Exploring EntityKeys, Web Services and Serialization a little further

I have not been able to stop thinking about EntityKeys, serialization and web services since my post about them yesterday, so I have done a little more experimentation tonight.

ObjectContext does have an AttachTo method. In my scenario of the incoming object from a web service client, the EntityKey is not available as part of the SalesOrderHeader entity because that is currently not being serialized as part of the entity. Note that this is a bug that the Entity Framework team is aware of and will fix.

While Attach allows you attach an entity that has a key, AttachTo does not require the EntityKey. However it does require that you know the name of the EntitySet.

In the type of testing scenario that I am working with , this is not a big problem.

While Attach would let me call


AttachTo has me call


Once I do this, the EntityKey is created.

Note the contents of an entity key:

It has the name of the EntitySet in it. (I did not fix up the EntitySet names that the wizard created. I should have done this right after the wizard, and the new designer makes that really easy to do now.) That should be SalesOrderHeaders (plural)).

The EntitySet is nowhere else in the definition of my “incoming” SalesOrderHeader.

So if I didn’t happen to know the name of the EntitySet, I wouldn’t be able to attach it. If I want to have a generic updater, this could be a problem.

And a word or two hundred about concurrency:

The EntityKey itself has no impact on how to handle updates in the service.

As with LINQ to SQL, when I attach an object, it attaches as an unmodified entity. SaveChanges does nothing. The entity keeps track of original and modified values (which you can actually see if you create an ObjectStateEntry object from the entity). I actually tried attaching another instance of the object with different values, then attaching my incoming one to see if the 2nd instance would be seen as modified. No go. (Yah – grabbing at straws…and random ones at that!)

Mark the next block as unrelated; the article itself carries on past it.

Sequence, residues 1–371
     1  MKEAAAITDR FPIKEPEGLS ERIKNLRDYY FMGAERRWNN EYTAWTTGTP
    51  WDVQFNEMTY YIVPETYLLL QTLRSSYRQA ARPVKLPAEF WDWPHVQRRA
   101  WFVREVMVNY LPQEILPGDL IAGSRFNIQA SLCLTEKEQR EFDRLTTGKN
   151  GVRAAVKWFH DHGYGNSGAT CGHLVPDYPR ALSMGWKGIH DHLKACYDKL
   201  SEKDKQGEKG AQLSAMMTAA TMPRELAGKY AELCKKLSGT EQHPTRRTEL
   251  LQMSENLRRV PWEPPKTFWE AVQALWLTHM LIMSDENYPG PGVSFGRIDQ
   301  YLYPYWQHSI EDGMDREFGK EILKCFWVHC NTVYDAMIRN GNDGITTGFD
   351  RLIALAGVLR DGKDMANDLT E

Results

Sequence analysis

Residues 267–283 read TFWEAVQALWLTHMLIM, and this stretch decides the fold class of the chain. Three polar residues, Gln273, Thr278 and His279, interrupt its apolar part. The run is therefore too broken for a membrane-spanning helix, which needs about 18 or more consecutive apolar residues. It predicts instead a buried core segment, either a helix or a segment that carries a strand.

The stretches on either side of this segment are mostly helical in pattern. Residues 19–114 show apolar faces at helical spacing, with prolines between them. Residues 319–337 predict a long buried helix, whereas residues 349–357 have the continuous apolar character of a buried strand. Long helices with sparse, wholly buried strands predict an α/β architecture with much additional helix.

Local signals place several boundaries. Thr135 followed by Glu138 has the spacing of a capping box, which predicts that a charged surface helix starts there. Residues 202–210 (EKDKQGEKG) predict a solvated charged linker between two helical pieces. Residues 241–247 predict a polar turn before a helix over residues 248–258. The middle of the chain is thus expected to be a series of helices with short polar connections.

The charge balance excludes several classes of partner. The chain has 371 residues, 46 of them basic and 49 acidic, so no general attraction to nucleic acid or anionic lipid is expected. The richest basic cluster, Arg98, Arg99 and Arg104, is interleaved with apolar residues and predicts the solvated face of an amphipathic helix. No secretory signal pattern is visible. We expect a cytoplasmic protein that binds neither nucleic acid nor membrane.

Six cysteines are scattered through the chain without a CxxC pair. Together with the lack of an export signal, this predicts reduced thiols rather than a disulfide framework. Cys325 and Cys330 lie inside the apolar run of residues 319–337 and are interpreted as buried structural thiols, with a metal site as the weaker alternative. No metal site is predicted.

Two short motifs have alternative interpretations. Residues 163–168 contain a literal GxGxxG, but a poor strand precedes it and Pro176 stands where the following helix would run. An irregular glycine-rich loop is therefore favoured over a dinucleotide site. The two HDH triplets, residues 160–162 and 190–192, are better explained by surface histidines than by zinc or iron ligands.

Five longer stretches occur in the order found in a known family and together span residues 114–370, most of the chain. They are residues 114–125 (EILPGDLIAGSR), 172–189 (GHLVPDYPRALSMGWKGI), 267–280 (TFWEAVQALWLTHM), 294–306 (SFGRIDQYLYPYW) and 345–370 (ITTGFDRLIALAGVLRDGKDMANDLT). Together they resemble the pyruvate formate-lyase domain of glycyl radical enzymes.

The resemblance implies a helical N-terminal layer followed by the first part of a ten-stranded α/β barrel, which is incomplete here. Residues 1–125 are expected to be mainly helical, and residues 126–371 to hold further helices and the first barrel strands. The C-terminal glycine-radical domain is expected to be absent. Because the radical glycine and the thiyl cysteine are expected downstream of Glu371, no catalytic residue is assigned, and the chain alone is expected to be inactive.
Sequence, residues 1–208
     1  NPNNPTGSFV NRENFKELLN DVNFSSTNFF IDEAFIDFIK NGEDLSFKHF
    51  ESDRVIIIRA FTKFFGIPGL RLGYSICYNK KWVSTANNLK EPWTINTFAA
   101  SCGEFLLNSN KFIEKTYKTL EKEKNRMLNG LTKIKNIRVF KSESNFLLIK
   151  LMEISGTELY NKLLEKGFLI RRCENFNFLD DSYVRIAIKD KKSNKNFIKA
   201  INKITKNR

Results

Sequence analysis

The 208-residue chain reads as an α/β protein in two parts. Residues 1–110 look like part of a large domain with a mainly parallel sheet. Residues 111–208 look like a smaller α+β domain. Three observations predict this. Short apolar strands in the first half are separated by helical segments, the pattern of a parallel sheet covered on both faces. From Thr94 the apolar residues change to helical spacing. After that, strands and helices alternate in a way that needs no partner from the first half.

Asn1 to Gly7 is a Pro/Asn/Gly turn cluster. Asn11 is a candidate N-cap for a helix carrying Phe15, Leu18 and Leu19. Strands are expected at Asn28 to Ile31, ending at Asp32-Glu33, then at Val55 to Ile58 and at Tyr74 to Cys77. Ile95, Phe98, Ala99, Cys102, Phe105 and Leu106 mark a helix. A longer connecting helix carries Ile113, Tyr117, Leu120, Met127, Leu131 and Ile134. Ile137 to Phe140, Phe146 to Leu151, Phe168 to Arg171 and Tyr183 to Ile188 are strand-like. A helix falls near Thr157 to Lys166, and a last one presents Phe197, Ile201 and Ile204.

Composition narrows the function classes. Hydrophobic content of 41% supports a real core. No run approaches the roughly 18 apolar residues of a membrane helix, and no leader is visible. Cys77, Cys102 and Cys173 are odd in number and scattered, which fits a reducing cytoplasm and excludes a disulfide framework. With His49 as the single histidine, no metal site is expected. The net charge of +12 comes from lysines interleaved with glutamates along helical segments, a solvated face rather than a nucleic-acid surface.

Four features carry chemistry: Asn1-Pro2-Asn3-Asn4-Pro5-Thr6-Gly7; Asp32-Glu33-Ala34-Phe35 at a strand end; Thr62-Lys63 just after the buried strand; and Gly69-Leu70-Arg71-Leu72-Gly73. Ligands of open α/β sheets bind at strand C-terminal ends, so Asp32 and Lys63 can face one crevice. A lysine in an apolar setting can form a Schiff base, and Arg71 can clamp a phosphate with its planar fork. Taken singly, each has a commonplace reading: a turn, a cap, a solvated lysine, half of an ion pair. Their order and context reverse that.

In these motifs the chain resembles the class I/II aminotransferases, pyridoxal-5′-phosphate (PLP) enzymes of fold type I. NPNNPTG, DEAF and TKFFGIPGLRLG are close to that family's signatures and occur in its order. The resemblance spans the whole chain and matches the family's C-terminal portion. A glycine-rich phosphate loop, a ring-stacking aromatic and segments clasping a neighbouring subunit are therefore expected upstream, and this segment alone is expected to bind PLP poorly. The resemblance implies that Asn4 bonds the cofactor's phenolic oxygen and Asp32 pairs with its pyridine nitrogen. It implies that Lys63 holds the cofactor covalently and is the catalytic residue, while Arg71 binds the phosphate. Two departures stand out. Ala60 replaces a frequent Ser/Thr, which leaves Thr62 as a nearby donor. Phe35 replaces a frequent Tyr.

I tried calling Refresh with the ClientWins parameter (along with an array that contained my entity) to see if I could get the database to push it’s original values into the entity and somehow get the incoming values to magically become modified values. There have to be modified values to begin with for any of this to work. That doesn’t change anything because the state of the entity is still unmodified since the time I attached it.

The next thing I tried was updating the ModifiedTime property to see if kicking the ModifiedState of the entity would force all of my changes to get saved. Only ModifiedTime was saved, not the other values that were different.

The last thing I tried was, after attaching the entity, change the value using this funny method:



The entityState became modified and the Comment column was updated in the database.

So at this point, it still looks like there is no way around explicitly updating the entity properties in order to get them to be seen as modified. But I have no way of knowing WHICH of these things have been changed. Which leaves me a few options (probably more than just these three):

  • Update every property
  • Cache the entities when they are retrieved from the database (though I have to figure out what I want to cache… a dataset? an entire ObjectContext? … then I have to make decisions about keeping that refreshed).
  • Grab the current data from the database just before I want to update. There are also potential concurrency issues with this as well.
  • Iterate through each property and, using the ObjectStateEntry, set them as modified using the SetModifiedProperty, which takes the property name (string) as a parameter. I could do this in conjunction with data from the database or data from some cached store and only do this to properties that are different.

However all of these options seem to rely on knowing the name of the properties and I have not been able to find a way to programmatically discover them.

Therefore, it seems that I may have to go down one of these paths:

  1. Use reflection to iterate through all of the properties and update them. My feeling about having to go to these lengths is “just no!” Plus this will mean that every property will be seen as modified and will get updated.
  2. Write updaters for every entity that will explicitly set each property. That’s a crap load of data access code and not having to write a crap load of data access code is one of the benefits of Entity Framework.
  3. Hope and pray that the EntityFramework team can somehow give us a way of attaching an object for original and one for modified. LINQ to SQL has this.
  4. Wait for someone on the team to comment in my blog and show me the super easy obvious way that I have totally overlooked.

What’s a little funny to me is that Rick Strahl has had a similar conundrum with LINQ to SQL.

And I’m still only talking about full-on clientWins concurrency, so far.

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